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10 Resolutions for a Healthier Family

A mother is never truly alone. Even on the rare occasion I am by myself, my mind and heart are with my kids. I can look to the New Year as an opportunity for self-improvement, but the truth is, it all comes back to my family anyway. This year, in the spirit of telling everyone what to do, I am going to make realistic nutrition resolutions for all of us. We aren’t going carb free or giving up sugar and mama isn’t giving up the wine, but, we are going to try a healthier diet in 10 seemingly easy steps.

1. Cut down on processed food. I know it is hard to avoid the convenience of packaged food, but serve fresh, homemade meals as often as you can. Have some simple recipes and ingredients always on hand.

2. Find a sandwich alternative two days a week. Get your kids used to cutting back on carbs by offering soup, yogurt and fruit or salad for lunch. The habit of having carbohydrates with every meal can become a hard one to break as they get older.

3. Eat more fiber. Fiber is great for digestion, cancer prevention and heart health. Gradually, substitute your breads, pastas and rice with whole grains.

4. Stock up on veggies and fruits. If you offer it, they will eat it. Buy foods like berries and avocado for immediate consumption and apples, oranges, carrots and cucumber for later in the week. Produce is expensive. Plan for how quickly certain items can spoil. You’ll waste less and always have something on hand for a healthy snack.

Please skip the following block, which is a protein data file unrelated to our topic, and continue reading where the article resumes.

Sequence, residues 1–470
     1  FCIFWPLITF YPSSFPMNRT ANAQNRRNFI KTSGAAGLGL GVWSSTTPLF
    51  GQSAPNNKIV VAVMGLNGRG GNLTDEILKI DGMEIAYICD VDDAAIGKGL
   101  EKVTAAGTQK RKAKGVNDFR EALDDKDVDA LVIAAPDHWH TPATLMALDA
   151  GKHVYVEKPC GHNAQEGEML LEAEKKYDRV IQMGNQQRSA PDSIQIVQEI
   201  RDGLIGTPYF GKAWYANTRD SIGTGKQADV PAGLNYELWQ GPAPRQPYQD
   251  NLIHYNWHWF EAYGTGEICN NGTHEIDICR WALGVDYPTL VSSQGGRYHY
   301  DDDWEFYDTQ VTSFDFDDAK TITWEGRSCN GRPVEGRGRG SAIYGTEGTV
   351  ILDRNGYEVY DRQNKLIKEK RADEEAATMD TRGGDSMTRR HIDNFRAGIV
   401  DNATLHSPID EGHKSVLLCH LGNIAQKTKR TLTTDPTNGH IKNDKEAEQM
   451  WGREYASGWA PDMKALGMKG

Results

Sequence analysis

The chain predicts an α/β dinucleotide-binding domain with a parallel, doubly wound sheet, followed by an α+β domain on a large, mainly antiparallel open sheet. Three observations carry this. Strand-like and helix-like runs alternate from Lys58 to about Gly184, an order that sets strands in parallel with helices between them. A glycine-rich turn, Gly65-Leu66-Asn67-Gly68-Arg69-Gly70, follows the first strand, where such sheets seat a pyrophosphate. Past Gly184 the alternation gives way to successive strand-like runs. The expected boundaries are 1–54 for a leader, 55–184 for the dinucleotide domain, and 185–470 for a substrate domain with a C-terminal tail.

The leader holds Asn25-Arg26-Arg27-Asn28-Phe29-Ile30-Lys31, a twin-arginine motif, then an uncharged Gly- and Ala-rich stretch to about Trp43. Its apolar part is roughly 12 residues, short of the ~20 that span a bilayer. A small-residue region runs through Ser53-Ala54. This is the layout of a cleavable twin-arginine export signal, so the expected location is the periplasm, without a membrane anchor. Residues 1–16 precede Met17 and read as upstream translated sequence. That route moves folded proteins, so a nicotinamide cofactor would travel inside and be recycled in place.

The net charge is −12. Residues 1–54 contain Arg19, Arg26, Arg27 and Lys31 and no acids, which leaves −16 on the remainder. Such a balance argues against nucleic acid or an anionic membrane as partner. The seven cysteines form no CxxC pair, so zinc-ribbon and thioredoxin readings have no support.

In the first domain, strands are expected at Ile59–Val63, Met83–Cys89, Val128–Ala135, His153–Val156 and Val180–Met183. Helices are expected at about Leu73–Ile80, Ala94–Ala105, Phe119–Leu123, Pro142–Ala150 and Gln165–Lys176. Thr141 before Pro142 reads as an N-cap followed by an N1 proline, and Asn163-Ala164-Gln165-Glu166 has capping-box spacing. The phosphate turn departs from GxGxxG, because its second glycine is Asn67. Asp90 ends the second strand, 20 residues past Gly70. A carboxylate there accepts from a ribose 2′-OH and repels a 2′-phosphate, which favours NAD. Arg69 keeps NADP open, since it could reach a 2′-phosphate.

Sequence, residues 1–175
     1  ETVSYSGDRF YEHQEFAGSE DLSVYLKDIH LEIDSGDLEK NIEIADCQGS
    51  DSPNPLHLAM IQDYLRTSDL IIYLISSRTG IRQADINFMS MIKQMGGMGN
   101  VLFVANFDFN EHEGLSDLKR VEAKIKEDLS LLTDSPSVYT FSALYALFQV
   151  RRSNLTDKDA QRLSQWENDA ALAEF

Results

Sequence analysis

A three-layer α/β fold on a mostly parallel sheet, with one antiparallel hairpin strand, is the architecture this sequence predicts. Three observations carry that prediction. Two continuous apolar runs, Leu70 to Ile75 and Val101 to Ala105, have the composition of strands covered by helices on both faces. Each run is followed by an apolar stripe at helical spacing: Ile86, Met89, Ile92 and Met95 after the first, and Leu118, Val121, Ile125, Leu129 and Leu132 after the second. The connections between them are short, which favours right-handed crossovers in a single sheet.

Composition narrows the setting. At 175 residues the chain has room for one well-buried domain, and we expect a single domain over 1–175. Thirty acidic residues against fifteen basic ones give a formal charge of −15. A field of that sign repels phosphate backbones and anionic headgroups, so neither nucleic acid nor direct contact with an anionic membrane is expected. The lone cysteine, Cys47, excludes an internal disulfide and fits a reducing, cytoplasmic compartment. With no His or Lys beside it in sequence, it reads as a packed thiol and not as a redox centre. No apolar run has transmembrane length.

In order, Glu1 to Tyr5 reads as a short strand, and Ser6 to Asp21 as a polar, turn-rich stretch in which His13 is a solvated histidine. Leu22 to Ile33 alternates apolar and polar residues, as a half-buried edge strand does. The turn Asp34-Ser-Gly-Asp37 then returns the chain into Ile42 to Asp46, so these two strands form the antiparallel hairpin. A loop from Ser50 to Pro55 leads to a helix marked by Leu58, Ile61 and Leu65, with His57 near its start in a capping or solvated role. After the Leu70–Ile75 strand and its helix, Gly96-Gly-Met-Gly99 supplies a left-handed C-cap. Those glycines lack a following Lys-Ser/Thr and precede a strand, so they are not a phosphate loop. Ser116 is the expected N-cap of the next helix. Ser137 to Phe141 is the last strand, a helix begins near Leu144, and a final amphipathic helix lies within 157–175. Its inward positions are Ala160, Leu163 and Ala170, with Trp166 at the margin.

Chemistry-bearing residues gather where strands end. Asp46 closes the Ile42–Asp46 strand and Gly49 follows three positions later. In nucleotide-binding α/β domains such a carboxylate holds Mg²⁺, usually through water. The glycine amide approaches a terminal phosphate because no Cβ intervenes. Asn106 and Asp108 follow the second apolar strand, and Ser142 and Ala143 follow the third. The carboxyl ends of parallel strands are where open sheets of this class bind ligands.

5. Cut down on red meat. Encourage your family to eat fish and vegetarian meals. Escape from the meat and potatoes mentality.

6. Eliminate soda and sugary drinks from your home. They provide nothing but temporary energy boosts and empty calories.

7. Cut down on snacking. By focusing on three nutritious meals a day, your family will be less tempted to graze. Have chips and sweets in your home only for special occasions.

8. Try new foods. Break out of the family dinner doldrums and give some new flavors a try. You’ll never know if your kids like bok choy or swordfish if you don’t give them a chance.

9. Involve older kids in the planning and preparing of meals. Encourage them to consider the health value when making a menu.

10. Finally, and I know this is extremely difficult in the midst of overscheduled lives, enjoy dinner as a family as often as possible.

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About Dr. Karen Latimer

I’m a family physician now struggling to take care of a bunch of kids who keep calling me Mom. When I’m not wiping butts, refereeing sibling rivalry and chauffeuring over-scheduled little people, I write a family medical blog that gives you five thoughts on all sorts of different health topics.

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